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Shaping Globalization: Civil Society, Cultural Power and Threefolding
by Nicanor Perlas

Foreword

Nicanor Perlas has written a brilliant exposition of a new viewpoint in social theory and practice, one that applies to all of us in our everyday lives. Not many new ideas can say that! The idea of "threefolding" gives equal status to culture alongside politics and the economy. Civil society as the key institution of culture emerges as one of the three global powers in the world today, together with government and business as the key institutions of polity and the economy respectively.

Civil society is a better name for what is sometimes called non-profits and non-governmental organizations (churches, schools, charities, health organizations, civic clubs, community groups and social movements). Rather than say what they are not, civil society organizations say what they are, institutions in the cultural realm of society that restores civility which is often lost with modernism and nationalism and economic development. One way of seeing the significance of these groups is that they are a vital source of creativity at the human level in society. They worry more about bringing values into the other arenas that care only about wealth and power. If they are allowed to decline, then the whole society is the loser. If they take their proper place in the world, then our lives are all enriched.

Perlas is making a very important contribution to seeing how and why positive change can happen. It is the kind of framework that wants to empower us to take our future into our own hands, rather than feel disempowered by impersonal technological trends, by transnational corporations and by globalization. We do not need to generate as much wealth and GNP, at a terrible environmental and human cost, if we can design a society that works for all of us. Perhaps the contribution of civil society is to start us on a new path, which is to think of our future as something we can envision and create together. Ultimately the point to speaking of "threefolding" and civil society is that we need to create a better society that speaks to our hearts’ desire.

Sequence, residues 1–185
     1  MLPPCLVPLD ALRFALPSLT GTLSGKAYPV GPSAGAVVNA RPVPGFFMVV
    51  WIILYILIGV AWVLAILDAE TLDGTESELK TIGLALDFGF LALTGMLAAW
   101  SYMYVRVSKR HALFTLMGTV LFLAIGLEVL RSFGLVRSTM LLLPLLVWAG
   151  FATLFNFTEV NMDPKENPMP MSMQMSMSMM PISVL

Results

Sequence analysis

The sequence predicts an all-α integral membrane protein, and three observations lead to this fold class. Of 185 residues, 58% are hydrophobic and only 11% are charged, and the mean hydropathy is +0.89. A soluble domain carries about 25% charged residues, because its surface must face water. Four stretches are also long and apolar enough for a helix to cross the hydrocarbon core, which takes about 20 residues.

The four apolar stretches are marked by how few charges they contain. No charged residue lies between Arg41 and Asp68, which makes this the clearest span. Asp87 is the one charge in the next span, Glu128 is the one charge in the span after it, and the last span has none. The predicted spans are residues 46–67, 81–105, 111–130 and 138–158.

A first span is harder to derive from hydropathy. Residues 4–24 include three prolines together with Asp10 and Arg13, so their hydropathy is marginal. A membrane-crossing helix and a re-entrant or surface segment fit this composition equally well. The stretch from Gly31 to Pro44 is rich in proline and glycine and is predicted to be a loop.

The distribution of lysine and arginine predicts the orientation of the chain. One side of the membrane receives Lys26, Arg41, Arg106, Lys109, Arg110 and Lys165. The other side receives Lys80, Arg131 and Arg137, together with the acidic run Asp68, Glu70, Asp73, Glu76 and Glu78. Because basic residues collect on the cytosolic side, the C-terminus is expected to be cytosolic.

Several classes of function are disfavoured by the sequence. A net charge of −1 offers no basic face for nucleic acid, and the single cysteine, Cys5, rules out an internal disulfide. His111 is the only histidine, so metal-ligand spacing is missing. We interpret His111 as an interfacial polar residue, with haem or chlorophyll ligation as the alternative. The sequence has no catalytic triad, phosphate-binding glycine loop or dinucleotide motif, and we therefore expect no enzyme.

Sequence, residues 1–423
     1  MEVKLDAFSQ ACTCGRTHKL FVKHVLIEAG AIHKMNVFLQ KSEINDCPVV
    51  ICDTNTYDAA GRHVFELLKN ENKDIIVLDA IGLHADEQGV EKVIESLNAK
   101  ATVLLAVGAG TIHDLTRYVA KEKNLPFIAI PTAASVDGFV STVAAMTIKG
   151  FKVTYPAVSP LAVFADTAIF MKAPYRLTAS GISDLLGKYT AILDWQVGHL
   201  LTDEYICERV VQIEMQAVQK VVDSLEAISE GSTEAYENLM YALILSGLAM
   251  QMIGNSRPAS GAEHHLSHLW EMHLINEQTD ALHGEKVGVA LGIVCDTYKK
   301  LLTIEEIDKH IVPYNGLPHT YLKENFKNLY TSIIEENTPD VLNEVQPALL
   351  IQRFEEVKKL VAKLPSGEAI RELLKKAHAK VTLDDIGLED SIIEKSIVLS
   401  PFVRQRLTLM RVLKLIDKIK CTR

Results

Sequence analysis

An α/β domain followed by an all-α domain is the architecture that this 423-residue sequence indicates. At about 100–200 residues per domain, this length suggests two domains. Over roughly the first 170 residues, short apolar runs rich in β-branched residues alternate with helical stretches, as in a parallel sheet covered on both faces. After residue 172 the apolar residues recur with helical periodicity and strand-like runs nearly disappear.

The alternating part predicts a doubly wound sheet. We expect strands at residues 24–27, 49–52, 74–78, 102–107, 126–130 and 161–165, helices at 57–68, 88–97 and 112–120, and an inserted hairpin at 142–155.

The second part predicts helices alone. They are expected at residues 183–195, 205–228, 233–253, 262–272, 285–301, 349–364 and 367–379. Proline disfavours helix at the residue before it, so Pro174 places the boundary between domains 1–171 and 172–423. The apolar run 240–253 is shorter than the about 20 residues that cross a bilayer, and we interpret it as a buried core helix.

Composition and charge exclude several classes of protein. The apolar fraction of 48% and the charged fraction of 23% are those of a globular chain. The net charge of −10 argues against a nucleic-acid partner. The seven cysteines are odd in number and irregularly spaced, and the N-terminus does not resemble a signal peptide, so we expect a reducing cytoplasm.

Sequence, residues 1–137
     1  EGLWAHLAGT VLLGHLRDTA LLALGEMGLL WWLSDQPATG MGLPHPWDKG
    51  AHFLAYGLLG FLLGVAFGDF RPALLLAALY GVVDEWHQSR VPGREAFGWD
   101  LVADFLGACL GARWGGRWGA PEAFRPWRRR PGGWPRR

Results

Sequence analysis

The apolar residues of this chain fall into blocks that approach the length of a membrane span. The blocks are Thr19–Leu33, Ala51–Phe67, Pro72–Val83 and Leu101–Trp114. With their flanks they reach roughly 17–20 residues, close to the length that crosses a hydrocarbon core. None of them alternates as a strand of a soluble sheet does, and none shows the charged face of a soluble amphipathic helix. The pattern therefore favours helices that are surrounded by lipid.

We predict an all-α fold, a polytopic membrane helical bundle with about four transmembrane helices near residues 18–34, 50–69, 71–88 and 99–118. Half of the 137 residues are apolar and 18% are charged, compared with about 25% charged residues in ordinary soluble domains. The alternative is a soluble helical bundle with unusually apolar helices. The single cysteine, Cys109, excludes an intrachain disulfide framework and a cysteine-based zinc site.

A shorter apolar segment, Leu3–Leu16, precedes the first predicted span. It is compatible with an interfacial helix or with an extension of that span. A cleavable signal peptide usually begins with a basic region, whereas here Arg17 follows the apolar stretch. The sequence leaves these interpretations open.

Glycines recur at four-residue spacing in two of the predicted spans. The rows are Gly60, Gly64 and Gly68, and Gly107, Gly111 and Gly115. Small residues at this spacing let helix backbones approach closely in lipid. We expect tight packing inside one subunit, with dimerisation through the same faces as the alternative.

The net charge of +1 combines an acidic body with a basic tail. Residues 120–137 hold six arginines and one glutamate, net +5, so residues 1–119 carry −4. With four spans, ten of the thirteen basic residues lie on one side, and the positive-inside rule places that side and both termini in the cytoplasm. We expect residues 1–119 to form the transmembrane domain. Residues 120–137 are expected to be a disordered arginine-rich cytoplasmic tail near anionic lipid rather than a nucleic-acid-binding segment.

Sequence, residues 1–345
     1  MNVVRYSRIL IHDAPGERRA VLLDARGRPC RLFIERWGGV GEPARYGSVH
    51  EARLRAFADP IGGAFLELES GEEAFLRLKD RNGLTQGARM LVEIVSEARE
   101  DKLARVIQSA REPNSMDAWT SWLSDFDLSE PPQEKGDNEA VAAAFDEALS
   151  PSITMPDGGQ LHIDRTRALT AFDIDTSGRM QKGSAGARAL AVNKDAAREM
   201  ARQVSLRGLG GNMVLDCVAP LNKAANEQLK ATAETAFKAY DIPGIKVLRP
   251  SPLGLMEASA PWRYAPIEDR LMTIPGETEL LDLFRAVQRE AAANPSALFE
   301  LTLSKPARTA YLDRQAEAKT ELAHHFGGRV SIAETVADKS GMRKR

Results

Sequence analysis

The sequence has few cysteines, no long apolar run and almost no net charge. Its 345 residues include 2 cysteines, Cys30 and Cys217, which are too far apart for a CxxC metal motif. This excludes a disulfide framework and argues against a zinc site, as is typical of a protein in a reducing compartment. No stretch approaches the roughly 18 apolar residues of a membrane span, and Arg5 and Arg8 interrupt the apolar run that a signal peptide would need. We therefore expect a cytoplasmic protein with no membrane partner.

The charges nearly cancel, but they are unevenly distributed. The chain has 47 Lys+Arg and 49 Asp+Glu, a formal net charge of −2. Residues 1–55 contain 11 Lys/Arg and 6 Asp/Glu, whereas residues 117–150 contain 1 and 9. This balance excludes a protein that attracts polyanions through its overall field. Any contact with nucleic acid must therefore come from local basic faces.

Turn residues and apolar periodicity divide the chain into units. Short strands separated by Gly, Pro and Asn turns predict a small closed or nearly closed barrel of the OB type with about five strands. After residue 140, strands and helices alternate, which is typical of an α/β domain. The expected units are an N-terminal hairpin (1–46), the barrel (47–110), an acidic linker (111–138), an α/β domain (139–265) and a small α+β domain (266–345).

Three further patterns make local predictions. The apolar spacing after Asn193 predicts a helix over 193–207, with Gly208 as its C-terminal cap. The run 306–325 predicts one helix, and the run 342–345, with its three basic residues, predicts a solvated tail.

What we most long to hear about after reading this exposition are more stories of what the Philippines, including organizations like the Center for Alternative Development Initiatives (CADI), is doing in terms of threefolding and comprehensive sustainable development. The world needs to hear how the Philippines is leading the way in beginning the process of conscious threefolding.

Perlas takes my own research on the Cultural Creatives and rightly points out in Chapter 12 that they are going to be the main supporters of positive initiatives for change, especially through civil society. I call them that because they are literally the creators of a new culture, one that goes beyond both Modernism and Traditionalism. They are appearing throughout the Western world, and evidently in the Philippines as well.

The reason why cultural creatives are going to be the key supporters for positive initiatives is that they each arrived at their values through engagement in multiple social movements over time, the movements over the last 50 years. These include the social movements for civil rights, for social justice, for the environment, for women’s rights, for peace, for alternative health care, for new kinds of personal growth and spirituality, for the rights of Third World peoples, and numerous others right up to the demonstrations against the World Trade Organization. It is worth noting that, when as individuals they get involved in politics, they are taking the position of "neither left nor right, but in front!" They also go beyond "profit vs. nonprofit" and "public vs. private," in the process of dissolving old dualisms as they work to create a new culture.

Because of the initiatives of the growing number of cultural creatives, a new kind of culture is emerging. And the threefolding view offers a more encompassing way to see our world and is thereby strategically helpful to efforts at renewing our world.

Paul H. Ray

Co-author of The Cultural Creatives: How 50 Million People are Changing the World. New York: Harmony Books, September, 2000

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